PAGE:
As former US foe gains, Mattis 'stands with' Iraq election result

Defense Secretary Jim Mattis, left, pictured here when he was serving as a Marine commander in Fallujah in 2004, appearing alongside Iraqi General Mohammed Latif, head of the Fallujah Brigade

US Defense Secretary Jim Mattis said Tuesday he stands by Iraqis' electoral choices, despite the surprise success of populist Shiite cleric Moqtada Sadr -- who fought US troops during the Iraq War.

Sadr's gains have called into question the presence of US forces in Iraq, where more than 5,000 troops are indefinitely deployed to prevent a resurgence of the Islamic State group.

"The Iraqi people had an election. It's a democratic process at a time when people, many people doubted that Iraq could take charge of themselves," Mattis told Pentagon reporters.

"So we will wait and see the results -? the final results of the election. And we stand with the Iraqi people's decisions."

After the 2003 US-led invasion, Sadr's Mahdi Army militia battled US forces, and he is now calling for American troops to leave following last year's defeat of IS.

Mattis, a retired four-star Marine general, served in Iraq and went on to lead the US Central Command that runs military operations in the Middle East and Afghanistan.

As a Marine commander, he saw US troops killed by the Mahdi Army, mainly in the poor Baghdad district of Sadr City and in the holy city of Najaf, further south.

It is not yet clear who will be Iraq's next prime minister, with Sadr eyeing a governing coalition.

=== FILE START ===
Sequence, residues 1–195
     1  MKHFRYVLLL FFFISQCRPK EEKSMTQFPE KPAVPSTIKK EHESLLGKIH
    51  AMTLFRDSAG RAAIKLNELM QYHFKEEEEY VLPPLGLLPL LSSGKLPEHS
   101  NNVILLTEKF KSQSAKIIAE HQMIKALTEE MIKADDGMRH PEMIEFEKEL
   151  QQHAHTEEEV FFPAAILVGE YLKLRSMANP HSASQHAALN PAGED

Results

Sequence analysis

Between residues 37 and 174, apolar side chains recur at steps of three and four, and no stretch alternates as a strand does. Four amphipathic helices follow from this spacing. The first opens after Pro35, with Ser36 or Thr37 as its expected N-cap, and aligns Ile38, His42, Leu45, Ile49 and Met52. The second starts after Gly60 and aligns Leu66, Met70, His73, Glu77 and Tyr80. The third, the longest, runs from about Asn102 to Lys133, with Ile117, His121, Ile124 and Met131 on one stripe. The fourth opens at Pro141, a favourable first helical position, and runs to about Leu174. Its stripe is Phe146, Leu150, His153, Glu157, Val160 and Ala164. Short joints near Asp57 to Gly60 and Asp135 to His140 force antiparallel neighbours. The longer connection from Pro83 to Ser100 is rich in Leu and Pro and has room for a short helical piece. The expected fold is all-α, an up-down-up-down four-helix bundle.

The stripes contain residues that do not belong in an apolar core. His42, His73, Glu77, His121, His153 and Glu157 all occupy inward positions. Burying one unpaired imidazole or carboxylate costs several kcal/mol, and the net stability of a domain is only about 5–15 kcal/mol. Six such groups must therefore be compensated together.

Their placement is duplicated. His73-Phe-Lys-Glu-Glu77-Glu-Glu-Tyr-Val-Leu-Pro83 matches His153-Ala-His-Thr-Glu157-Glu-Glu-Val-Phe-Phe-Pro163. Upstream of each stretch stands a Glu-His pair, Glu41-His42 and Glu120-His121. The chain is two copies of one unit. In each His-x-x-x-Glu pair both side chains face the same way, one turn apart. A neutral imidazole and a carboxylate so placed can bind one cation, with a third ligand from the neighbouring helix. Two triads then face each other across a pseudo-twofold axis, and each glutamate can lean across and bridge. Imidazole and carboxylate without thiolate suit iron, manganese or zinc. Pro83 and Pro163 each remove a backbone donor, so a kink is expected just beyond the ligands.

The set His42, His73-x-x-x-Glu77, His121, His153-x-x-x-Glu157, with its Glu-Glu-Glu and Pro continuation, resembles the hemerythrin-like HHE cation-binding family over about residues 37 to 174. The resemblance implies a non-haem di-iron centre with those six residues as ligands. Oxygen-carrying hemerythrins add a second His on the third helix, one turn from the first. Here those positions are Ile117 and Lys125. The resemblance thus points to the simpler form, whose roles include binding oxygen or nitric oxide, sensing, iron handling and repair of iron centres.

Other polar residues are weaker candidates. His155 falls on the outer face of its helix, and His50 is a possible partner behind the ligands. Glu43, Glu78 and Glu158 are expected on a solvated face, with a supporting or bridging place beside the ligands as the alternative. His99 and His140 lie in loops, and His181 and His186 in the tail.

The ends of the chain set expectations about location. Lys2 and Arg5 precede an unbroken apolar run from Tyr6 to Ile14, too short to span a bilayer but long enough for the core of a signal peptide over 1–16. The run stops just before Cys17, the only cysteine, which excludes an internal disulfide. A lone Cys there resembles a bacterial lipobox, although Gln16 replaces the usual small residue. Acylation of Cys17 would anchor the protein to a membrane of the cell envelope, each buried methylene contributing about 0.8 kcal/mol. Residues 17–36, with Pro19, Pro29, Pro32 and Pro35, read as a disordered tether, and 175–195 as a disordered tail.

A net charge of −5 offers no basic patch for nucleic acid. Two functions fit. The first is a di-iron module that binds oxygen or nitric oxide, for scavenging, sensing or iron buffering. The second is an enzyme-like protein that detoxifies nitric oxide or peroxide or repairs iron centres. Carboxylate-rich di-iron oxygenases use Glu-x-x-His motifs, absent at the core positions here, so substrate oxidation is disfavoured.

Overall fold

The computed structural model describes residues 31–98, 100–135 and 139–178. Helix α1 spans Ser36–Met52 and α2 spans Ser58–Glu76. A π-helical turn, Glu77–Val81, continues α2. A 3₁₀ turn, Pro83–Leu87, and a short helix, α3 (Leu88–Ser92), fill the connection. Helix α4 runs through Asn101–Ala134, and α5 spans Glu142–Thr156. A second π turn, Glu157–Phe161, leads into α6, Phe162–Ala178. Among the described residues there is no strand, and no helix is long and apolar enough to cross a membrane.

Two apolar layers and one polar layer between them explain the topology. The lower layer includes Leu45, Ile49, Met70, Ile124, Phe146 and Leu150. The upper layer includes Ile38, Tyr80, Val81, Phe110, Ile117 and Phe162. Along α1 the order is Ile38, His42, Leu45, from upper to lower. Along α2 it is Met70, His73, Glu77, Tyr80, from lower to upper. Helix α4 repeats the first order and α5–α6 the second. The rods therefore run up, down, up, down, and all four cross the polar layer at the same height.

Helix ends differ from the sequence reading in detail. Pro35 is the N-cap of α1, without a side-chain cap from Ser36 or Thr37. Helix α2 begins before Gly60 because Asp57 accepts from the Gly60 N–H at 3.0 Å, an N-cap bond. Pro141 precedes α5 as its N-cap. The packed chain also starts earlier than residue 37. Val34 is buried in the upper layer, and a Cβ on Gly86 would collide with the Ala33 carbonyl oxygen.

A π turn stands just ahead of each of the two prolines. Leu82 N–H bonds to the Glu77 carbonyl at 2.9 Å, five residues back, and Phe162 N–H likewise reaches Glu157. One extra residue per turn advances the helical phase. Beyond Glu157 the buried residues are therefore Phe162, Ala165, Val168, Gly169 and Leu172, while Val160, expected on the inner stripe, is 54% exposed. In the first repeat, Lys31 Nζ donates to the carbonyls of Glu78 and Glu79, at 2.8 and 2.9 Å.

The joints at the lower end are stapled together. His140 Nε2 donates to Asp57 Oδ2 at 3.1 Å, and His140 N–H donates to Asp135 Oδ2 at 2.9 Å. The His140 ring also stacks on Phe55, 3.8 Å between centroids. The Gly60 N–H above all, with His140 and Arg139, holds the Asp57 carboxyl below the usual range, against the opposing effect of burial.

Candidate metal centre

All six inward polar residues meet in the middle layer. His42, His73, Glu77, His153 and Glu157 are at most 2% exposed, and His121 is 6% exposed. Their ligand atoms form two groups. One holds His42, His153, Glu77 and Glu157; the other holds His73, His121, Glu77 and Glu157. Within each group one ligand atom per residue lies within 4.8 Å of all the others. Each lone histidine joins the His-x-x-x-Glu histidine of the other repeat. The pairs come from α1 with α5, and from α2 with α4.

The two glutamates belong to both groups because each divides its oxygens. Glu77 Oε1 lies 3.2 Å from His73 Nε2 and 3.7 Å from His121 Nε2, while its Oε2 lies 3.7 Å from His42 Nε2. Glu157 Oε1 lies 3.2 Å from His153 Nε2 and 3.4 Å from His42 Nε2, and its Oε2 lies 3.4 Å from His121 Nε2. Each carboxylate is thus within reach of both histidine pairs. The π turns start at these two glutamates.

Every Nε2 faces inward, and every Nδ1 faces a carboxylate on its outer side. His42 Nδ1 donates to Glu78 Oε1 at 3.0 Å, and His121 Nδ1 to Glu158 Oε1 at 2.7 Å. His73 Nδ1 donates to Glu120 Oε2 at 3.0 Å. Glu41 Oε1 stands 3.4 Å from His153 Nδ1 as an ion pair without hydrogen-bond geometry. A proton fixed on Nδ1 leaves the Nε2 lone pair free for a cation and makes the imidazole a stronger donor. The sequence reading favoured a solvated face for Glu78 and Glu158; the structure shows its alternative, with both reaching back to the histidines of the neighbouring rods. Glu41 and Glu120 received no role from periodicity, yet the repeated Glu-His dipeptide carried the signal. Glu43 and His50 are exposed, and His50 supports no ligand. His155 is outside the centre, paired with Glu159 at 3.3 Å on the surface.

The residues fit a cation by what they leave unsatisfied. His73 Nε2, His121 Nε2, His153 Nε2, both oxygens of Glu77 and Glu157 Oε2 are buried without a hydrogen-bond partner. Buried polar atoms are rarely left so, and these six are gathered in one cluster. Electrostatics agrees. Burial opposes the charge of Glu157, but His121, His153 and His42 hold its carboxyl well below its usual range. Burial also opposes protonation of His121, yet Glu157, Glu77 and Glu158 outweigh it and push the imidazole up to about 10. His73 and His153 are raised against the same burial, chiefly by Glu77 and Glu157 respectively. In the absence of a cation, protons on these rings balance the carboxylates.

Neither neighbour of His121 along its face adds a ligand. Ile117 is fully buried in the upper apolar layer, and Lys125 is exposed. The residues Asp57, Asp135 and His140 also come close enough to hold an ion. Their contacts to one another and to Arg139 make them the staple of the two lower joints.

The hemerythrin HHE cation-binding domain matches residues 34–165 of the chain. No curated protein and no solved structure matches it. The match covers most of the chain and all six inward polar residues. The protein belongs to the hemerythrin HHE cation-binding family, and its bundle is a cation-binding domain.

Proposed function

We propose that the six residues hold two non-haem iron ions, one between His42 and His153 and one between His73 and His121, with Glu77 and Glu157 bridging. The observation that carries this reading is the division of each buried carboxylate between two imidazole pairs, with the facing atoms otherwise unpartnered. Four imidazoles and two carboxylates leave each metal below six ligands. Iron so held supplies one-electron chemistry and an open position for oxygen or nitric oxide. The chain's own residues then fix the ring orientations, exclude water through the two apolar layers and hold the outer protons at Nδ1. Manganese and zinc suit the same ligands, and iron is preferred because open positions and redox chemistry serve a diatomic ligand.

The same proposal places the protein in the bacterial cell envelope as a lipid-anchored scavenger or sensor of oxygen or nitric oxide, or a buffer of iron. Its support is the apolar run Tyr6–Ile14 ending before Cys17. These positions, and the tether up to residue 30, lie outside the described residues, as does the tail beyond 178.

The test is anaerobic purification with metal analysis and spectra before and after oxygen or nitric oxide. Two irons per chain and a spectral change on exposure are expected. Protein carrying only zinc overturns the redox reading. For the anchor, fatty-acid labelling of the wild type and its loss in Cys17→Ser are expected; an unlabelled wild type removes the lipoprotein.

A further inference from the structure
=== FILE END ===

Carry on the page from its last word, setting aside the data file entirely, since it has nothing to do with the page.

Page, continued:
Washington's preferred candidate, Prime Minister Haider al-Abadi, has been knocked into third place. Sadr has ruled himself out of becoming prime minister.

While his family of religious scholars historically has close ties with the Islamic revolutionaries in Iran and he spent years living there, Sadr has now fallen out with Tehran and wants its overbearing influence slashed.

Sadr and his militia played central roles in the wave of sectarian bloodshed that peaked in 2006-2007, but he eventually froze the militia's activities in a move the US credited with sharply reducing violence.

The Pentagon said it was too soon to know what the results of the election might mean for the US troop presence.

"We do not support any particular candidate or party; rather we support a fair and transparent process," Pentagon spokesman Eric Pahon said.

"We stand ready to work with whoever is fairly elected by the Iraqi people."

Defense Secretary Jim Mattis, left, pictured here when he was serving as a Marine commander in Fallujah in 2004, appearing alongside Iraqi General Mohammed Latif, head of the Fallujah Brigade